Joseph P Farrell – If you’ve been following the developing theories about the USS Fitzgerald ramming in Japan, you’ll be interested in this article shared by Mr. D.F.
The article reiterates many of the points I argued in my own previous comments on this incident, namely, that I find it difficult to rationalize a collision with a US Navy frigate due to simple incompetence for a variety of reasons. Ships just don’t “sneak up” on other ships. Collisions of ships do happen, of course, on occasion. And the results can be tragic (think only of the Andrea Doria). But in the main, a ship venturing into the “danger” zone of any nation’s warships would be hailed, warned off, quarters sounded, and evasive action taken.
But as far as I am able to tell, none of this apparently happened with the Fitzgerald, if the various internet reports, such as the above, are to be believed.
Assuming that they are, the report argues more or less as I did previously, that in the absence of clear explanations, we must assume that the steerage and other operational and communications systems of the vessel were not operational, for whatever reason. Why, for example, was the captain still apparently asleep? Under circumstances of a potential collision or threat to the ship, again, evasive action would have been ordered and the captain woken up and notified. This implies that it was not possible to move the ship nor wake the captain through the internal communication system.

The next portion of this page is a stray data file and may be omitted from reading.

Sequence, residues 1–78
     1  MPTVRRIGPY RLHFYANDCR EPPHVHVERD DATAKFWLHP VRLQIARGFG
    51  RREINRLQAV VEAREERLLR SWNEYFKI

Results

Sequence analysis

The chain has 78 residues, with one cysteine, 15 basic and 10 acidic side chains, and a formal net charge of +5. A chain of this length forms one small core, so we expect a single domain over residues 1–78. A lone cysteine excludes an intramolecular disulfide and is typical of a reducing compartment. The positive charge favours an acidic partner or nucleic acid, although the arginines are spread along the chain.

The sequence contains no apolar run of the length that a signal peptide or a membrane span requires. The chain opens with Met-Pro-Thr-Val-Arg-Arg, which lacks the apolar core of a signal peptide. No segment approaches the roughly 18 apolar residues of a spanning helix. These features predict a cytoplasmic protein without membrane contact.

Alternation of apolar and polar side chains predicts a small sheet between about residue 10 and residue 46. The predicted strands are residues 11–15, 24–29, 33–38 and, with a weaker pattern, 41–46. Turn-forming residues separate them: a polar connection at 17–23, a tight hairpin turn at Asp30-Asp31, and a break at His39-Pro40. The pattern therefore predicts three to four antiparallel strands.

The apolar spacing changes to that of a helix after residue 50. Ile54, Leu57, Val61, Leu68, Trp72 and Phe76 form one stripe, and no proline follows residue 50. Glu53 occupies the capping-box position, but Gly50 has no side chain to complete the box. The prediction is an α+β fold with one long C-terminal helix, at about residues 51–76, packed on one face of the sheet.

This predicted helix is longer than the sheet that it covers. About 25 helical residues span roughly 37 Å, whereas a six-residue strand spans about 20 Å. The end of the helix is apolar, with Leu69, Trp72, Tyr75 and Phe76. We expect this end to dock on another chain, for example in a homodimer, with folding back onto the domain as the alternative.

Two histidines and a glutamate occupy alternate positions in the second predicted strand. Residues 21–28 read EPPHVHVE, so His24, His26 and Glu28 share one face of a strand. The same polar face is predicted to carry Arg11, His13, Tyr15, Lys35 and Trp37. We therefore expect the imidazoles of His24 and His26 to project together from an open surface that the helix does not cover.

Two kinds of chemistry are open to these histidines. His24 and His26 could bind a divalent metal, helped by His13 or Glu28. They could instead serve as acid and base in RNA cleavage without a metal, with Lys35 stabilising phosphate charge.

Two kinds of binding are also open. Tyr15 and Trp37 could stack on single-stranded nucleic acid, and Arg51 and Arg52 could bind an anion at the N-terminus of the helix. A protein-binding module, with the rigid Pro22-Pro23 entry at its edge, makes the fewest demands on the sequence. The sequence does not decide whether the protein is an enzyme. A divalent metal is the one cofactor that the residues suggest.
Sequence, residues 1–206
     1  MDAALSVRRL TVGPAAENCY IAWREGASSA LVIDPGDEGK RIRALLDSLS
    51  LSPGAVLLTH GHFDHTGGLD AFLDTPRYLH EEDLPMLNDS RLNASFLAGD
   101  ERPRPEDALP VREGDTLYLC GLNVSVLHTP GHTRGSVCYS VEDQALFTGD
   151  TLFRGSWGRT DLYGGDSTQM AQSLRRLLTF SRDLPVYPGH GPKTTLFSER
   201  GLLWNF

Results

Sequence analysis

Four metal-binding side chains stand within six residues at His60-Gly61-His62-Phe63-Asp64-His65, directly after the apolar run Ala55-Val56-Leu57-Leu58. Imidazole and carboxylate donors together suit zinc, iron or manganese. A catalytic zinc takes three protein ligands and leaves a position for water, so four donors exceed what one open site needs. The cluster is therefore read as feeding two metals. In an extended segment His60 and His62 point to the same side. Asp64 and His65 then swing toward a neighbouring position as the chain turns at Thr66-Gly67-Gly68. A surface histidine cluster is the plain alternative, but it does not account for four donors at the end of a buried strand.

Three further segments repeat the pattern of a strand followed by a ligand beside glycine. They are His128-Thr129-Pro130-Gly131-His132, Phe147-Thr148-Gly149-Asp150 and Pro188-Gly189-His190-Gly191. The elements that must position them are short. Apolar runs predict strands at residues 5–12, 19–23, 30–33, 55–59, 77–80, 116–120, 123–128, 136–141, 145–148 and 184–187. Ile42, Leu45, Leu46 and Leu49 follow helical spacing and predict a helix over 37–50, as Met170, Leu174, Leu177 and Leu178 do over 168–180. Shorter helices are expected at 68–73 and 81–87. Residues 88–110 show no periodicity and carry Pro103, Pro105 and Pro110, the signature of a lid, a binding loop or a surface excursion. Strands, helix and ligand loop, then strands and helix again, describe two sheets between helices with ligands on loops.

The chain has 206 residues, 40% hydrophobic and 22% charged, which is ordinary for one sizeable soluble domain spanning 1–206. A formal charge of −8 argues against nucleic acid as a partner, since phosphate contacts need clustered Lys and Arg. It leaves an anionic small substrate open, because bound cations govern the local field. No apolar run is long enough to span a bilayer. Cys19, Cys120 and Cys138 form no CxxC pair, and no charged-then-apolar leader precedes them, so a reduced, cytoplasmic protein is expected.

But toward the end of this strange article – and again, I am not familiar with this website, nor its reliability. I am presenting it for your consideration, as I know many readers here are following this story – we have the following:
The first time the container ship approached the USS Fitzgerald, the Fitz was still fully functional.
An airplane or drone flying overhead was responsible for the energy pulse that killed all electricity on the warship. (the whole event took place in the wee hours of the morning from 1:30 to 2:20 AM)
The container ship was required to turn back toward the Fitzgerald to do its job as commanded by whoever EMPulsed the ship.
In turning back to do the “job” the container ship did not have great positioning to destroy the vessel and so ended up only disabling rather than sinking the thing.
Thus, the CIA-planned story (aka false flag attack) could not be used as many on board the Fitzgerald saw what really happened, and survived.
The CIA plot was probably an attack by Russia or China or NK. A contingency plan was then quickly implemented; one that they could feed to those present as a legitimate story.
The bottom line here is that this attack was quite likely a false flag operation in the tradition of the USS Maine (“Remember the Maine!”), the RMS Lusitania (World War I false flag), and the USS Maddox (aka the Gulf of Tonkin incident).
Either someone wants war. Or, someone else seeks to prevent war.
While this attack on the USS Fitzgerald appears to be a typical CIA-coordinated false flag attack designed to start a war, it appears to have been a real attack perpetrated to prevent one.
In other words, it was an conspiracy within a conspiracy, and/or a false flag within a false flag. Yes, it’s really that complicated. As it frequently when one camp is trying to start a war as aggressively as the other side is working to avert one.